Injured teen wakes from coma; land owner speaks out

Published 12:00 am Friday, September 29, 2006

DEMOPOLIS &8212; The family of two teens injured in a Tuesday morning accident on Hwy. 80 awoke to good news yesterday while the man overseeing the controlled burn in a nearby field said he feels bad for what happened but does not believe he is responsible for the deaths of two local men.

Members of the Lake family were greeted by 15-year-old D&8217;Suntra Lake awoke from her coma while 18-year-old Jerry Lake continued to improve from injuries sustained in the accident.

May said the young girl &8220;squeezed hands and moved her leg.&8221;

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The older teen also returned to surgery yesterday &8220;because he had a finger basically crushed, but he has been alert and watching television,&8221; according to May.

Jerry Lake was driving himself and his younger sister to school at Sumter High in york when they became involved in a 14-vehicle accident that claimed the lives of Clark Edward Pickel, 21, and Jeremy Keye Marlowe, 27, both of Demopolis. The accident began when Pickel and Marlowe crashed into the back of a semi-truck belonging to Newell Paper Company.

According to Cpl. Chris Ellis of the Alabama Highway Patrol, the wreck was caused by low visibility thought to be due in part by smoke from a nearby field that was being cleared with a controlled burn. According to Ellis, existing fog across the roadway trapped the smoke, making it nearly impossible for motorists to see.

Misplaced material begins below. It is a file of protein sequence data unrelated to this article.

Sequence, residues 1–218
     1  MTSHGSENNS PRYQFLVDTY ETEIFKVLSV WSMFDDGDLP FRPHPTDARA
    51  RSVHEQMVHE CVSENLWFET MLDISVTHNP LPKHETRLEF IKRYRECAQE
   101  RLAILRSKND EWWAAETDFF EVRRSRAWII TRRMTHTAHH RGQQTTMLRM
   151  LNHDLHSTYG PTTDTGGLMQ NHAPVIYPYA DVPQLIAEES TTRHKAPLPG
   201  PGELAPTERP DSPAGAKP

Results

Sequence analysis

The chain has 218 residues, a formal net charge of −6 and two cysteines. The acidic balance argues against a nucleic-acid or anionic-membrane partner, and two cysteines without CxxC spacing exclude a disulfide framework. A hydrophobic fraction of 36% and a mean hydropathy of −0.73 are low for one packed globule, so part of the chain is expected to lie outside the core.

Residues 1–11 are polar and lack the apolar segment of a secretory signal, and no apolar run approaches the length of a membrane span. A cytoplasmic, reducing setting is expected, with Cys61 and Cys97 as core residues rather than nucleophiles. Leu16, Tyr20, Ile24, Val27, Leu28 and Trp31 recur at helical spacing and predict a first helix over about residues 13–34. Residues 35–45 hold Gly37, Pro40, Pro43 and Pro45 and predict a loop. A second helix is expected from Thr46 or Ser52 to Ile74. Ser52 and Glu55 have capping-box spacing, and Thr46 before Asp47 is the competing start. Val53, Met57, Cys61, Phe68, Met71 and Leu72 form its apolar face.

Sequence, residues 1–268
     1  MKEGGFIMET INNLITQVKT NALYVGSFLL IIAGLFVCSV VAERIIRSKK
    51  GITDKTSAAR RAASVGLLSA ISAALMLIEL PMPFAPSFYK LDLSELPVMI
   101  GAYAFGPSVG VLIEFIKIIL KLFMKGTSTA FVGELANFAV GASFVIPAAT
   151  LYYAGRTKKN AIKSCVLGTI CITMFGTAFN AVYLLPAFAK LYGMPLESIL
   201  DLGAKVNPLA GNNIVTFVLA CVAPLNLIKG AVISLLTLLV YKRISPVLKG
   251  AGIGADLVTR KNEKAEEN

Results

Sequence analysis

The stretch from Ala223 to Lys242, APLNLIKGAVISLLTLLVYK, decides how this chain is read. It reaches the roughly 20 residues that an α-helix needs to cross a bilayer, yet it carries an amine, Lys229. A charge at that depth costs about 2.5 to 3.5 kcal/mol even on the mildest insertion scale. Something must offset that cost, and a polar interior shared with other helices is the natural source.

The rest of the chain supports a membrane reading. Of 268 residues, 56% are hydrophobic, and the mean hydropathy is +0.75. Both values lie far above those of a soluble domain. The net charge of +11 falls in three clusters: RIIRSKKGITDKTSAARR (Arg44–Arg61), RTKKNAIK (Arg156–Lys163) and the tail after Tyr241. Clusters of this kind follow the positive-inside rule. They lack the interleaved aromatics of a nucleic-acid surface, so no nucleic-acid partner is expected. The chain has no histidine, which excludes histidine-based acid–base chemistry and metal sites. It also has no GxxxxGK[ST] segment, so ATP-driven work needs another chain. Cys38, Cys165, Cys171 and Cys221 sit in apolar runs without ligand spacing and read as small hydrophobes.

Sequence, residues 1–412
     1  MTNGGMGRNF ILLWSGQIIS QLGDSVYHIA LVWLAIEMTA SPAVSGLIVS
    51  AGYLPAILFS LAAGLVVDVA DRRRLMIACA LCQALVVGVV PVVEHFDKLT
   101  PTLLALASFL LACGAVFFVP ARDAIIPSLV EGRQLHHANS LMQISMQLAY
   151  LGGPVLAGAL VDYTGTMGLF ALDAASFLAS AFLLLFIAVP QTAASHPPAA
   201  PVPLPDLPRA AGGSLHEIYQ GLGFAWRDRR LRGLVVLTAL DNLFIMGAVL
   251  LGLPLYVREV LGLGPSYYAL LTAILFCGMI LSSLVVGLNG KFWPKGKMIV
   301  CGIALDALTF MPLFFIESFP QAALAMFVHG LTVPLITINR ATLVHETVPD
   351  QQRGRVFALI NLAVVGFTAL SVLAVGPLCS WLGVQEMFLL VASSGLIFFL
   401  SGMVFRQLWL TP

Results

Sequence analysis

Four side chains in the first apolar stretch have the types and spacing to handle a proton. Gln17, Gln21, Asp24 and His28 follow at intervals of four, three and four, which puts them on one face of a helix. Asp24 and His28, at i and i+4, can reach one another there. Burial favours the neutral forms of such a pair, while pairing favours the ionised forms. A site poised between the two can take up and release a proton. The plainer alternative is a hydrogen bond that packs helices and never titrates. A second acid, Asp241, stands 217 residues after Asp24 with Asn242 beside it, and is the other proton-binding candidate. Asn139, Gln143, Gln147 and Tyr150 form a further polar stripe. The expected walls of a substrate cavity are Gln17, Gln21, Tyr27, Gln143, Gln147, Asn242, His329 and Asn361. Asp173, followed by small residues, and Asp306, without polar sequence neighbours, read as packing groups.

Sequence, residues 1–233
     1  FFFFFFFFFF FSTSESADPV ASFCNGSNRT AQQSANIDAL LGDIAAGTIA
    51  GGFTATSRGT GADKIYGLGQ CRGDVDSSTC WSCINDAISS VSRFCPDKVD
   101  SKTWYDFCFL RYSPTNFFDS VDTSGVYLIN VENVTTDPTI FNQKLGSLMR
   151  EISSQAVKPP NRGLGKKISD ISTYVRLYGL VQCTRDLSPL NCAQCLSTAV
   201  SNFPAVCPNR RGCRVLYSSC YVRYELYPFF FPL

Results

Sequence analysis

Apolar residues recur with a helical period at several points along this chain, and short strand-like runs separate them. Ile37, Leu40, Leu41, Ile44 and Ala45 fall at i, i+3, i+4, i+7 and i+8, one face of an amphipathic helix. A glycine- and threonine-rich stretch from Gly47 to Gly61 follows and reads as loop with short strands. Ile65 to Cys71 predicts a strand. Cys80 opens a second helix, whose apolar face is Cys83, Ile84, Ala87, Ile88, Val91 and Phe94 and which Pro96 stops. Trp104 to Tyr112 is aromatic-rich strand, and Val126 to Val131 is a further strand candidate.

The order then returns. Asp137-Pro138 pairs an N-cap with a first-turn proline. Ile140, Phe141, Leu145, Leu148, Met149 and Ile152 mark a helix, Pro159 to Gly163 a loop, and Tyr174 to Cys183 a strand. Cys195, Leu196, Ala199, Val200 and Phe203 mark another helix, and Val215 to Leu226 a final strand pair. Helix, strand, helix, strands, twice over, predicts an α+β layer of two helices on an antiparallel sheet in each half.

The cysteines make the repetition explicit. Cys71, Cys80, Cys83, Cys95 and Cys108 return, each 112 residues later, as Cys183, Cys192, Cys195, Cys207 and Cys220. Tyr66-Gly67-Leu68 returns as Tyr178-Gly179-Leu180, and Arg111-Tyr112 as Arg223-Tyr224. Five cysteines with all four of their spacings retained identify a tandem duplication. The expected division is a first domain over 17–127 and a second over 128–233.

Brian Compton, whose family owns the land, was in charge of the controlled burn.

Compton said he does feel for the family and friends of the victims.

Compton said he followed all procedures before starting the burn to clear the land.

A spokesperson for the Alabama Forest Commission confirmed Wednesday that Compton did have the proper permits for the control burn.

John Huckabee, general manager of Newell Paper Company, identified the diver of the semi-truck as Sidney Eaton.

According to Huckabee, Eaton was carrying only two skids and was set to pick up a large load in Meridian, Miss. Eaton is semi-retired and has been driving for approximately 50 years, Huckabee said.

Early reports from those caught in the back-up of the wreck said that the owners of Busbee Trucking called the police before the wreck to warn of low visibility. Shirley Busbee, owner of three trucks who operate as Busbee Trucking, said she never called the police or 911.

Mitchell Busbee, the brother-in-law of Shirley Busbee, was driving his own truck and radioed her about one of her trucks who he thought might have been involved, she said.

Services for the two victims will be held today. Kidd-Robbins Funeral Directors is handling both services. Services for Marlowe will begin at 11 a.m. at the funeral home chapel. Services for Pickel will be held at 3:30 p.m. at Fairhaven Baptist Church.